Intel Shows Off 2 Of Their Newer Thunderbolt Controllers With 20 Gbps/ 4K Throughput

/ 5 years ago

Intel introduced their next generation thunderbolt interface during NAB show 2013 in Las Vegas and the chipset maker assures that this will provide a data rate throughput to 20 Gbps download and upload. The previous generation thunderbolt can only allow 10 Gbps. What should be more interesting is that the next- gen thunderbolt with the code-name “Falcon Ridge” will allow 4K Video file transfer and display at the same time with the data running at 20 Gbps. This however will be released next year. There’s no specific launch date or a timeframe, but one could speculate that this will make its debut with Broadwell architecture.

Currently, Intel’s that it has given about 200 licenses and have many thunderbolt-compatible devices in the marketing, followed by new and thinner cables which is said to release in few month’s time. It was then Intel showed off their Thunderbolt host controller, code- named “Redwood Ridge” and will be implemented on some Intel’s 4th generation Core series processors Haswell platform. Redwood Ridge is speculated to be a little cheaper as it uses an internal 1V voltage regulator. It will also be using appropriate features to work with Intel Haswell’s aggressive power management reductions.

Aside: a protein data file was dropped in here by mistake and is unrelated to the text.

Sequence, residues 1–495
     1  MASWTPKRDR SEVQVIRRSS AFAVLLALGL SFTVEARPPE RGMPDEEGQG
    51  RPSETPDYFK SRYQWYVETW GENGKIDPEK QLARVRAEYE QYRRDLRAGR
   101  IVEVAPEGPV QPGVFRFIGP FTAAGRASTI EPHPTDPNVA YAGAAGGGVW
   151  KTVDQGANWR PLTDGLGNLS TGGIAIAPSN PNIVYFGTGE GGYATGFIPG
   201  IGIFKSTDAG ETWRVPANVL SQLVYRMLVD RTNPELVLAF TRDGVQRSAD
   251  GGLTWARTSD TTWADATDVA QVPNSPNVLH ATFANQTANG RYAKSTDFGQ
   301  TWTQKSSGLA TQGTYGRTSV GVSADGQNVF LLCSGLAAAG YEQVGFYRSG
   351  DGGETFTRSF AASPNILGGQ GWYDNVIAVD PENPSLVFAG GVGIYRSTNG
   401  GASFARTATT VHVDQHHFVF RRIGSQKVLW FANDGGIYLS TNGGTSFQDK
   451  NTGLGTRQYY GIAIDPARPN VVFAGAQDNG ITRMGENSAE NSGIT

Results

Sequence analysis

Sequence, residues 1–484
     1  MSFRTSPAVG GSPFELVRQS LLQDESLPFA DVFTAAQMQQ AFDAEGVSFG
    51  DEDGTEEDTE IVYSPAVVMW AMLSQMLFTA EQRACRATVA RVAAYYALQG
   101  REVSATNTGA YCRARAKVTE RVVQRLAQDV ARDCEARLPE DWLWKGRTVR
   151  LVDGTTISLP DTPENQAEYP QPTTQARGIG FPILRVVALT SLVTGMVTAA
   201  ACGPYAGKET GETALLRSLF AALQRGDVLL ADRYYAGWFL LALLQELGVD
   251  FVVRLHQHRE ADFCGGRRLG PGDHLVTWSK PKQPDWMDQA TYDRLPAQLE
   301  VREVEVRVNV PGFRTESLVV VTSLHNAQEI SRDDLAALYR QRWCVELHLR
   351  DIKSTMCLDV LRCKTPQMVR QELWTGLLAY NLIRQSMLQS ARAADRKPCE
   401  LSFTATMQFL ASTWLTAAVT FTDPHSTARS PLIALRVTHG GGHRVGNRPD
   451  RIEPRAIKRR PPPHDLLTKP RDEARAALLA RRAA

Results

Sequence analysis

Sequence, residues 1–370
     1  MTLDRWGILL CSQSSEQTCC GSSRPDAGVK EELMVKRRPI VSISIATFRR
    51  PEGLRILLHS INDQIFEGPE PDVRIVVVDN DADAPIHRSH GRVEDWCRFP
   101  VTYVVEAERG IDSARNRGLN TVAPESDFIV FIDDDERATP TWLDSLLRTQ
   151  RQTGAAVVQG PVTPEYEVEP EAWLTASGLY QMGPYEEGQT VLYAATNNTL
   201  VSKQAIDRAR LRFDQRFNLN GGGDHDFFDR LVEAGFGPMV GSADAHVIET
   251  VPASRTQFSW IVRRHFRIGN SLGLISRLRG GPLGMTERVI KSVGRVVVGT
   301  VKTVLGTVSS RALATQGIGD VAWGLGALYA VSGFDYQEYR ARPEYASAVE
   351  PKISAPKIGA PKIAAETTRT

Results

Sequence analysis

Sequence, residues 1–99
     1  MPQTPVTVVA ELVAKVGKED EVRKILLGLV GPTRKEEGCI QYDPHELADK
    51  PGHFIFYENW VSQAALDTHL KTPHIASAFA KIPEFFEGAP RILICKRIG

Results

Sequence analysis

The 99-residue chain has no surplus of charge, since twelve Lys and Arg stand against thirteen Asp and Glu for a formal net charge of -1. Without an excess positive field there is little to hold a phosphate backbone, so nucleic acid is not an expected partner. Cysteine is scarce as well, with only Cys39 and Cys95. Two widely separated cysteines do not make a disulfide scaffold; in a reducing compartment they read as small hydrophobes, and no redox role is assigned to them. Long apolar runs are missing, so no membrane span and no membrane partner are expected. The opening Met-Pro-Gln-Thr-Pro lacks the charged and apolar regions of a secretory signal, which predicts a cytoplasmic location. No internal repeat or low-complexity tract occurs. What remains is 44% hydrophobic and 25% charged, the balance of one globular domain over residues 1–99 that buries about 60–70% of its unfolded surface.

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The 2 controllers that were recently announced are DSL4510 and 4410 ‘Cactus Ridge’ controllers which will have support for DisplayPort 1.2 (therefore 4K) when connected to the Native DisplayPort displays, but will also help to improve power management and even helping to decrease the cost for implementing the hardware. The 2 models will be replacing Intel’s current thunderbolt chip, DSL3510 and DSL3310.

Intel assures that these will have backward compatibility with previous gen thunderbolt cables and devices. Intel also said that it will be increasing its Thunderbolt production in 2014.

With this implementation, many professionals will gladly welcome this as the extreme bandwidth throughput will allow them for 4K content distribution.

Source: Anandtech


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